The partnership of design and manufacturing is central to the process of bringing a product to market. The impact of problems in either of these areas can increase exponentially if they go unnoticed until after the product reaches the customer.
Overstress test, using stresses beyond the design limit of the product, is successful at uncovering such faults in both the product design and the manufacturing process and ensures the overall robustness of the product. The benefits of overstress test include the following:
• Rapid design and process maturation.
• Less total engineering time and cost.
• Reduced production and warranty costs.
• Earlier and mature product introduction (yields stabilized).
• Higher mean time between failures (MTBF).
• Reduced manufacturing screening costs.
• Faster corrective action for design and process problems.
• Satisfied customers.
Highly accelerated life test (HALT) is a step-stress-to-fail destruct test that gradually increases the environmental stresses to determine the operational limits and find any design faults. The process is one of test, fail, and corrective action to prevent possible field failures.
HALT is not a compliance test and not limited by component or product specifications. All products are candidates for HALT.
In the case of systems, HALT finds defects in the weakest subsystem. Production should be delayed until HALT results are satisfactory.
The following stresses, both alone and combined, can identify product weaknesses. When available, each of these stresses should be used in HALT design.
Operation under prolonged elevated temperatures can uncover marginal design, bad components, or process problems inherent in the product. Temperature cycling detects weak solder joints, IC package integrity, a temperature coefficient of expansion (TCE) mismatch, and PCB processing and mounting problems, all of which will show up over time once a product is in the field.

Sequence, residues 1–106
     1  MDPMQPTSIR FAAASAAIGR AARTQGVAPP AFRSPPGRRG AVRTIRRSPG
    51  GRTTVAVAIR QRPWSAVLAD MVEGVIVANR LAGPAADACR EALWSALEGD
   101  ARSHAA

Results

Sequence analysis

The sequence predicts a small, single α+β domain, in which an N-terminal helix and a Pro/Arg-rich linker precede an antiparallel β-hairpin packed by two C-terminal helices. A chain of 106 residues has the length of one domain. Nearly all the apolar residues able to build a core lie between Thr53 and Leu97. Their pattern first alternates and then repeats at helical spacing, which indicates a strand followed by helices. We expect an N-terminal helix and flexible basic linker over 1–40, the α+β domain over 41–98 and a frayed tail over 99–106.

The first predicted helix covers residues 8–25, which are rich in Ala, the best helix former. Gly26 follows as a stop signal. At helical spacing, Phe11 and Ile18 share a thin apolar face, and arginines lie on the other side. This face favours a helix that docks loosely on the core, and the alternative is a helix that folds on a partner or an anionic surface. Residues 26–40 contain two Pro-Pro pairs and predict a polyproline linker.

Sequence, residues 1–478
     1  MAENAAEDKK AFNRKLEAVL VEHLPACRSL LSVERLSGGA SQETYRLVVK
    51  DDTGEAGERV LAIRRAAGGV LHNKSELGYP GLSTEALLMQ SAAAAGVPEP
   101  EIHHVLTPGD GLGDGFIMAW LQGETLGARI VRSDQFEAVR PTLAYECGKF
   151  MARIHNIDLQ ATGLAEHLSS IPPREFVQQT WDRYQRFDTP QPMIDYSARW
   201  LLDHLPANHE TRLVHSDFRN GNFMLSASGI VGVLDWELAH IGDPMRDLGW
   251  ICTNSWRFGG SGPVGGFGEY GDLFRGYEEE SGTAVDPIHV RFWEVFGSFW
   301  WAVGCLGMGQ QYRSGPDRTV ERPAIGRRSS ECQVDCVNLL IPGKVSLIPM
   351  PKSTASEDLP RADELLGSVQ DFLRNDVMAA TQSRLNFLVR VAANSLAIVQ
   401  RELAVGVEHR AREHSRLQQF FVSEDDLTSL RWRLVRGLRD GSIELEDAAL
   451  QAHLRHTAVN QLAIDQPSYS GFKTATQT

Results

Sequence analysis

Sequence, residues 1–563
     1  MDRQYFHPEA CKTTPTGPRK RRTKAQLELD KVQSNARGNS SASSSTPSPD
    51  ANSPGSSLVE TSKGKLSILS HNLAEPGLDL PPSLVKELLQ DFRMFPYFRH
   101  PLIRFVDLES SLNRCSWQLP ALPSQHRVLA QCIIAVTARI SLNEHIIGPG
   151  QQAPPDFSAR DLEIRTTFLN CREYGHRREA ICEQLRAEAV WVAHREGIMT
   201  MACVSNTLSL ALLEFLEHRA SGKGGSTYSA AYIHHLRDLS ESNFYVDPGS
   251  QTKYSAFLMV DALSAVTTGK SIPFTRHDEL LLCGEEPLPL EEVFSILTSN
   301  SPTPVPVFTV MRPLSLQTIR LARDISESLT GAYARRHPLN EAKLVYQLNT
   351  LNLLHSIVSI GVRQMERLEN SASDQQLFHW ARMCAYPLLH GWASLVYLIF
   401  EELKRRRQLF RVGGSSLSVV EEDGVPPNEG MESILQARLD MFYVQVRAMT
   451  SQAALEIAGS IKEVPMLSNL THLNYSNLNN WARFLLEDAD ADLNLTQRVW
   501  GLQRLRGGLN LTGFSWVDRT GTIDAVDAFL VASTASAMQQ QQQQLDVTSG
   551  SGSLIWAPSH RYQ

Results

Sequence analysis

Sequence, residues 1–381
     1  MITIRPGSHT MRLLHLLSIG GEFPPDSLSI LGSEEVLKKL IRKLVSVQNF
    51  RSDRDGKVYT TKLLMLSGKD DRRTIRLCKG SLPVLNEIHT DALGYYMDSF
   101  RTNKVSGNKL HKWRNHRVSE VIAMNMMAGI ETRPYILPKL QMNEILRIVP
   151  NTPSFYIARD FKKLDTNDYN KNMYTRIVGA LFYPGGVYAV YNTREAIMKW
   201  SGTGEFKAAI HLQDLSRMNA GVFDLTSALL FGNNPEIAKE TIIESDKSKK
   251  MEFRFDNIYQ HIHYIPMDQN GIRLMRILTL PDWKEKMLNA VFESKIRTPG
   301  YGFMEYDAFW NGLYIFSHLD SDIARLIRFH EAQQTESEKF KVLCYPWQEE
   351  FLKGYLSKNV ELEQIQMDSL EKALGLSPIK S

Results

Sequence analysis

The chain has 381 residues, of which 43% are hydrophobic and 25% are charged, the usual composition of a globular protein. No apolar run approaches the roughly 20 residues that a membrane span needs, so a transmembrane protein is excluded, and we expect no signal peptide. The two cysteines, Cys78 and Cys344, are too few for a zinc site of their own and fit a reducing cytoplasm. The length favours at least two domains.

Vibration is useful for testing poor solder connections and a product’s robustness during shipping. Cold and insufficient solder joints can be stressed to failure with vibration levels that will not harm good connections.
Voltage margining can be useful in identifying marginal components and marginal design, especially when used in conjunction with temperature.
Frequency margining is not always an option, but if the circuit under test allows for it, it can be useful in identifying marginal components.
The most abstract and sophisticated aspect of the HALT design is functional test. The product must endure the combination of environmental and electrical stress while operating at peak processor utilization and bandwidth. Functional test should simulate this worst-case real world as accurately as possible to ensure that no product functionality goes untested.
There is no industry-standard HALT profile; it should be tailored to the needs of the program. Our experience with testing telecommunications products at Cisco has lead to the design of the following three-phase profile.